Ambassador Schieffer meets with Yokosuka Mayor Kabaya
November 10, 2005
Ambassador J. Thomas Schieffer met with Ryoichi Kabaya, mayor of Yokosuka, on Thursday afternoon, November 10, at the American Embassy.
Mayor Kabaya requested that the U.S. Navy reconsider its recent decision to replace the U.S.S. Kitty Hawk with a nuclear-powered Nimitz-class aircraft carrier. The Mayor presented a petition and explained the feelings of Yokosuka citizens.
Ambassador Schieffer made three points in reply:
- The decision was reached only after careful consideration of Japanese views, including the views of Mayor Kabaya and former mayor Sawada, with whom Ambassador Schieffer, and Ambassador Baker before him, had met on several occasions. The Navy tried very hard to accommodate the request of the two mayors to replace Kitty Hawk with another conventional carrier, but after detailed study, concluded that neither the USS John F. Kennedy or USS Kitty Hawk were viable options to fulfill the critical and high-tempo mission of the Forward Deployed Naval Force's aircraft carrier beyond 2008, and that a more capable Nimitz-class nuclear-powered carrier was required to defend Japan and help maintain peace and stability in Asia. Moreover, the Ambassador said the Chief of Naval Operations told him that the Navy was moving to an entirely nuclear-powered carrier fleet.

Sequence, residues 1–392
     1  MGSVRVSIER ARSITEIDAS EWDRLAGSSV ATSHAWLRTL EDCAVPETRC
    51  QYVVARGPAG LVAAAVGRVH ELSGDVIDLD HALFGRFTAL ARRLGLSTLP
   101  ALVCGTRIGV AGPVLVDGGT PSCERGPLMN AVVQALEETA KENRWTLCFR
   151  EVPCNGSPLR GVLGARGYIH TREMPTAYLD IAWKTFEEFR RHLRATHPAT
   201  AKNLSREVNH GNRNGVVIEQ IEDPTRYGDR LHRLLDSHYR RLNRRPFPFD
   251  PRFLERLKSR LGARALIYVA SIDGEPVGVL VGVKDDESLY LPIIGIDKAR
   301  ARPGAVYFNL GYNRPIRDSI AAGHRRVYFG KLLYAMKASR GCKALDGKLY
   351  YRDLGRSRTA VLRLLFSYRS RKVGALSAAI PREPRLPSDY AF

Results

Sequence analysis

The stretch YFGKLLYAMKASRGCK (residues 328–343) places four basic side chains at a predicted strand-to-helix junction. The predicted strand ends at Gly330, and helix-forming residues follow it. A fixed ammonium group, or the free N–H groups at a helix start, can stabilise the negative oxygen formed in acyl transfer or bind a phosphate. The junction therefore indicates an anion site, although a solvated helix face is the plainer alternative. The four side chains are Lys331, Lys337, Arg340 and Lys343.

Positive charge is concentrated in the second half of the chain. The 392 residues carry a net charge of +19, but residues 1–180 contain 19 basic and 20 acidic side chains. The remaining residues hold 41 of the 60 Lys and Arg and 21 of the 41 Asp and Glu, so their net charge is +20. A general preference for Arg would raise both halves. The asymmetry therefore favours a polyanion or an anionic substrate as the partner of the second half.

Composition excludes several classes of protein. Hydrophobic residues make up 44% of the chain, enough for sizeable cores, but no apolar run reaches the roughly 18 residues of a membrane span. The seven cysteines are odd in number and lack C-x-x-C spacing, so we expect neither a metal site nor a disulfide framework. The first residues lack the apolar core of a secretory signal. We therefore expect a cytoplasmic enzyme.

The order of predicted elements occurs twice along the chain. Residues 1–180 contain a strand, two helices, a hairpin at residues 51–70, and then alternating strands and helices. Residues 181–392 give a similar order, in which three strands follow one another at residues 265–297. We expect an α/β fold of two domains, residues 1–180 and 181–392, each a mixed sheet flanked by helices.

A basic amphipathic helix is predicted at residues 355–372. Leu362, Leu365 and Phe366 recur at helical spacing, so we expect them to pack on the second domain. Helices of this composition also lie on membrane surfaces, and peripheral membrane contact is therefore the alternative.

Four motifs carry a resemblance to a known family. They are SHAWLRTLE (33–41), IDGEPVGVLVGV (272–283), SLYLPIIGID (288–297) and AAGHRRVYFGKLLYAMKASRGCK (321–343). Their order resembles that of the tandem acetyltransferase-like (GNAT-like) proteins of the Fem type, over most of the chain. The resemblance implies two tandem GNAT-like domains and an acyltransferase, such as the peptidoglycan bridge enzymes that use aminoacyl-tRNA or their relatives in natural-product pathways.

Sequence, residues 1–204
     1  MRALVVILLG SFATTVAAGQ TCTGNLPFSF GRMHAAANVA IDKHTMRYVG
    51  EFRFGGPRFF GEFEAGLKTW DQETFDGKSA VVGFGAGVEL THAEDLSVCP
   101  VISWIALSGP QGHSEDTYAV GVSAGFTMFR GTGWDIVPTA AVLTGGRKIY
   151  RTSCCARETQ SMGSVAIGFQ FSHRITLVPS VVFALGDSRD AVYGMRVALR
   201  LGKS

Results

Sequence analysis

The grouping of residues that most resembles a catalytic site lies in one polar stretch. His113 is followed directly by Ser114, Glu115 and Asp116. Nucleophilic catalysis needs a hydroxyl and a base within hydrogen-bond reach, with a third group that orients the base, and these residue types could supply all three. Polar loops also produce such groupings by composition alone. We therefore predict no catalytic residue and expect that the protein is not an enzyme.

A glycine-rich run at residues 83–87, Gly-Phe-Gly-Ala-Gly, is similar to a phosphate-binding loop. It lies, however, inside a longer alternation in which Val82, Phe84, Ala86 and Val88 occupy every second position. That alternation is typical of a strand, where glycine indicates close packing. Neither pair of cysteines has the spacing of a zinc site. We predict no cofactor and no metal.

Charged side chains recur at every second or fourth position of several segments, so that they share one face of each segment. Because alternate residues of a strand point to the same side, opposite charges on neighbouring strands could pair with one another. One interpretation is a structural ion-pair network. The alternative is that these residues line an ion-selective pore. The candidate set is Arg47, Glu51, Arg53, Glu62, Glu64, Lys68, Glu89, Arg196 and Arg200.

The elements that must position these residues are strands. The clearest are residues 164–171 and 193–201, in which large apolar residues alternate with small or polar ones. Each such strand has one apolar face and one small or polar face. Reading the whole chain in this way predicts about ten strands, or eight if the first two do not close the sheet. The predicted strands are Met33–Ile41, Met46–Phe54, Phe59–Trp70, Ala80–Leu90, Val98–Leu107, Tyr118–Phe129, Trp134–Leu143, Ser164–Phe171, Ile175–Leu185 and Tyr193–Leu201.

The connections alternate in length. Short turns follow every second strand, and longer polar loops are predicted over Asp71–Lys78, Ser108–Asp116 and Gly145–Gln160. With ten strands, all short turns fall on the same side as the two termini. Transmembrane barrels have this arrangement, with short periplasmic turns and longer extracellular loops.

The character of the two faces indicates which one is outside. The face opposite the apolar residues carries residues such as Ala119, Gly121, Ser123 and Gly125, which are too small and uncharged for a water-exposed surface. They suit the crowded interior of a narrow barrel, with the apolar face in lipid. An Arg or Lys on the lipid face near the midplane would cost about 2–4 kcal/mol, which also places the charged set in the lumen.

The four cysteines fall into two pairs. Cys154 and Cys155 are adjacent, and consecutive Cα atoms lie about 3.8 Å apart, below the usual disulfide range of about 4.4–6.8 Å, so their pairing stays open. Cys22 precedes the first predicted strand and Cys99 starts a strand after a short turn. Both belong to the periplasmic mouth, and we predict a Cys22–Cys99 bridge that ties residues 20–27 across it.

- The safety of American nuclear powered vessels is impeccable. Nuclear-powered warships, including nuclear-powered aircraft carriers, have made over 1200 visits to Japan since 1964. Both the U.S. and Japanese governments have monitored these visits and taken water and soil samples. Data from these two safety verification programs shows that there has never been a single incident of damage to human health or the environment. Moreover, the Navy has homeported nuclear-powered warships in U.S. ports since 1955. At present, five nuclear-powered carriers are homeported in Norfolk, Virgina, two in the Seattle metropolitan area, and two in San Diego.
- The Ambassador thanked Mayor Kabaya for the friendship and hospitality that Yokosuka has always displayed to the U.S. Navy, and he reiterated that the United States would continue to place the highest importance on safe operations and training.